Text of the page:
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Rivista di Anestesia, Rianimazione, Terapia Antalgica e Terapia Intensiva

Official Journal of the Italian Society of Anesthesiology, Analgesia, Resuscitation and Intensive Care
Indexed/Abstracted in: Current Contents/Clinical Medicine, EMBASE, PubMed/MEDLINE, Science Citation Index Expanded (SciSearch), Scopus
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Minerva Anestesiologica 2018 Jan 16

DOI: 10.23736/S0375-9393.18.12230-9


lingua: Inglese

Injection pressure mapping of intraneural vs. perineural injections: further lessons from cadaveric studies

Andrzej KROL 1 , Arber VALA 2 , Leonidas PHYLACTIDES 1, Matthew SZARKO 2 , Miguel A. REINA 3 , Jose de ANDRÉS 4

1 Department of Anaesthesia and Chronic Pain Service, St George’s University Hospital, London, UK; 2 St George’s University of London, London, UK; 3 Department of Anesthesiology, Madrid-Monteprincipe University Hospital, Madrid, Spain; School of Medicine, CEU San Pablo University, Madrid, Spain; 4 Department of Anesthesia Critical Care and Pain Management, School of Medicine, University of Valencia, Valencia, Spain


BACKGROUND: The aim of the study was to investigate the difference between intraneural and perineural injection pressures in human cadavers. Targeted nerves included the cervical roots, the supraclavicular and infraclavicular brachial plexus, the sciatic-subgluteal nerve and the common peroneal and tibial nerves.
METHODS: Ten readings were obtained for each nerve location. 1mL of 0.9% NaCl was injected over ten seconds - deliberately slower than in clinical practice to eliminate the risk of aberrant readings relating to the speed of injection. Perineural injections occurred at least 1 mm outside the epineurium. After pressure recordings were completed 0.1ml of dye was injected and dissection performed to confirm needle placement. Ultrasound and dissection images were matched with light microscopy pictures for all locations.
RESULTS: The average pressure for intraneural injections was 24.1±5.7 psi and 6.1±2.1psi for perinereural. The average injection pressure generated for the cervical trunk, supraclavicular, infraclavicular, sciatic subgluteal, peroneal and tibial nerves respectively were 31.2±6.0psi, 24±15.0psi, 23.4±9.5psi, 22.6±8.8psi 19.7±6psi, 17±7.3psi intraneurally and 6.1±2.0psi, 9.1±5.5psi, 10±4.9psi, 6±2.4psi, 6±2.4psi and 7±2.5psi perineurally. For intraneural injections statistically significant differences were demonstrated between the peroneal and tibial nerves compared to cervical roots/ trunks /division/cords of brachial plexus.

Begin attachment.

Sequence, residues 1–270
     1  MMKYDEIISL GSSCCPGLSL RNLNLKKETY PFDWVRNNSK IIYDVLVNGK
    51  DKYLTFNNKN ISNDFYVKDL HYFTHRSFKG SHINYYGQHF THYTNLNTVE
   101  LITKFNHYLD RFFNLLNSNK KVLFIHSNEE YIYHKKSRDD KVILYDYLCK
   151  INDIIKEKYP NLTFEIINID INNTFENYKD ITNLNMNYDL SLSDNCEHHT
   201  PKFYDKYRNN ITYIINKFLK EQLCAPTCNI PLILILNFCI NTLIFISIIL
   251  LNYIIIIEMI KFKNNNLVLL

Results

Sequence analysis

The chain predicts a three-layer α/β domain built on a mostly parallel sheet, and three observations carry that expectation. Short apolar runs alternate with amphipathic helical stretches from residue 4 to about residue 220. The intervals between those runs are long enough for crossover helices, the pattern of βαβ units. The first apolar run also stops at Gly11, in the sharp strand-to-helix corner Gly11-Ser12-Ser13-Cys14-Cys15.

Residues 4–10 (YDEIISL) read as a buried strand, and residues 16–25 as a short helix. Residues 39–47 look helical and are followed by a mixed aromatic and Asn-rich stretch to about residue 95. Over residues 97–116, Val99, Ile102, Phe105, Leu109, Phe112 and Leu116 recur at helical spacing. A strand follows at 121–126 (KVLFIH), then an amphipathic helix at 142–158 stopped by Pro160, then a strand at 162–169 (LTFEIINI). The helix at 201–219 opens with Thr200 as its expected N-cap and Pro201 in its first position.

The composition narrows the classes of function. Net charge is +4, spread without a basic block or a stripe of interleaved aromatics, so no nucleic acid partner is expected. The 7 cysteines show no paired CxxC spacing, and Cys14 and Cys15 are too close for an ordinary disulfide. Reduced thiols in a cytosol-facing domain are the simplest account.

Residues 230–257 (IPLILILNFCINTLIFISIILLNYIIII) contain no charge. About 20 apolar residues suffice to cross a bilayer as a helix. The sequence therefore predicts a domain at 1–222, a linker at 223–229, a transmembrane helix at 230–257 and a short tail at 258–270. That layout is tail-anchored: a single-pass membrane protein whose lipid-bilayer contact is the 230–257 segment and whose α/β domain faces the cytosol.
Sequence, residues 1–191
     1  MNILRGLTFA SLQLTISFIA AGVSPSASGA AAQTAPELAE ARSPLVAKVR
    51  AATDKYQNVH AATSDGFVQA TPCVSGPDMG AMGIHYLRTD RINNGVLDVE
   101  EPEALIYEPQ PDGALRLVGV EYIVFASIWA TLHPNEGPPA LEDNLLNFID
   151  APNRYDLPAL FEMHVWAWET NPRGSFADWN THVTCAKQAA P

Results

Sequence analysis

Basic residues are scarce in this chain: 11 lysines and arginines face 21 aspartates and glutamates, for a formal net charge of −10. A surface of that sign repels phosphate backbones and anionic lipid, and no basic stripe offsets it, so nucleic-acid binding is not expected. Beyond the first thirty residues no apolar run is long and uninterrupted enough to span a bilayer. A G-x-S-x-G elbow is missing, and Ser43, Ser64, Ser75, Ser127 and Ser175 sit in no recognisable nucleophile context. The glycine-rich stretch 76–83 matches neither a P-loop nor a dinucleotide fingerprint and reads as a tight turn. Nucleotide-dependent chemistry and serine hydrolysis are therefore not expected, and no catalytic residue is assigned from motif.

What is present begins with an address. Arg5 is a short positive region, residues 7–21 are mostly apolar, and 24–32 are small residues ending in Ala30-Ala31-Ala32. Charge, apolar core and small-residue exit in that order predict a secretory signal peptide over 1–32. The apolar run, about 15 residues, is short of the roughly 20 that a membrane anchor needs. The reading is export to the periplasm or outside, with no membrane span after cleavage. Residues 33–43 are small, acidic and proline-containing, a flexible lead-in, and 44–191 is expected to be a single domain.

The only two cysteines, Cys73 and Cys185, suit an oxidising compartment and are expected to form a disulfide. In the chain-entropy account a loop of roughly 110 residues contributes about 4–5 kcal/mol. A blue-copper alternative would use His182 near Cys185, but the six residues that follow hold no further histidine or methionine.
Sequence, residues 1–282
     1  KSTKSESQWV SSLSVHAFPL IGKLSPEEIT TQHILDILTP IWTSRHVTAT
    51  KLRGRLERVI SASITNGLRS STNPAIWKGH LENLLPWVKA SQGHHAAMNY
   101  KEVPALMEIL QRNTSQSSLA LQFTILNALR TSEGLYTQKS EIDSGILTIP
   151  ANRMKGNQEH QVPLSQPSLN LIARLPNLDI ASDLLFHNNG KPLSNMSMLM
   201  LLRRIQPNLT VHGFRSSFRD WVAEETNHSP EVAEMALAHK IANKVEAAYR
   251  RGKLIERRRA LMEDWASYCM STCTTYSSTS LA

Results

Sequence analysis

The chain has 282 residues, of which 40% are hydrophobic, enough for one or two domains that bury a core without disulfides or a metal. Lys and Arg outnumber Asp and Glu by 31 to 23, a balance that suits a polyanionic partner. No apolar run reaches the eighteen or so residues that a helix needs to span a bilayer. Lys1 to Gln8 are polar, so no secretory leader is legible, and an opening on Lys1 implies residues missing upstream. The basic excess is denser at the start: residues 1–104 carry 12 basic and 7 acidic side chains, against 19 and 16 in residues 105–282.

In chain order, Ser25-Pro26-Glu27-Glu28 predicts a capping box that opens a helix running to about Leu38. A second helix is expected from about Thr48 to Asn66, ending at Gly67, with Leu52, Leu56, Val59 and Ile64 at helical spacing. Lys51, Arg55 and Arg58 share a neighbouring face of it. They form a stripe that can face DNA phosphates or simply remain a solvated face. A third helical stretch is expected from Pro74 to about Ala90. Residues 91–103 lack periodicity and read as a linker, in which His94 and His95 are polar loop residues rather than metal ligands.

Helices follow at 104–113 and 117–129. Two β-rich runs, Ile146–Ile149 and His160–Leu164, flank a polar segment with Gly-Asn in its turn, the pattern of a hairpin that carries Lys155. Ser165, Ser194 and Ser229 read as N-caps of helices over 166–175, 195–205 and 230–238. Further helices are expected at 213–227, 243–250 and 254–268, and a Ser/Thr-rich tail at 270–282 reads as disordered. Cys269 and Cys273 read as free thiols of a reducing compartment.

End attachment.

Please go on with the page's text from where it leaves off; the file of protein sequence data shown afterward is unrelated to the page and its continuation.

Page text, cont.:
CONCLUSIONS: The study has consistently demonstrated statistically significant differences between intraneural and perineural injection pressures. It effectively created a "map" of intraneural injection pressures for the most common peripheral nerves blocks and demonstrated a pattern between proximal and distal locations. The study also revealed limitations of either techniques, ultrasound and injection pressure monitoring reinforcing the concept of their simultaneous application.

KEY WORDS: Intraneural - Perineural - Injection pressure - Peripheral nerves - Ultrasound - Mapping

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Publication History

Article first published online: January 16, 2018
Manuscript accepted: January 10, 2018
Manuscript revised: November 15, 2017
Manuscript received: June 11, 2017

Per citare questo articolo

Krol A, Vala A, Phylactides L, Szarko M, Reina MA, De Andres J. Injection pressure mapping of intraneural vs. perineural injections: further lessons from cadaveric studies. Minerva Anestesiol 2018 Jan 16. DOI: 10.23736/S0375-9393.18.12230-9

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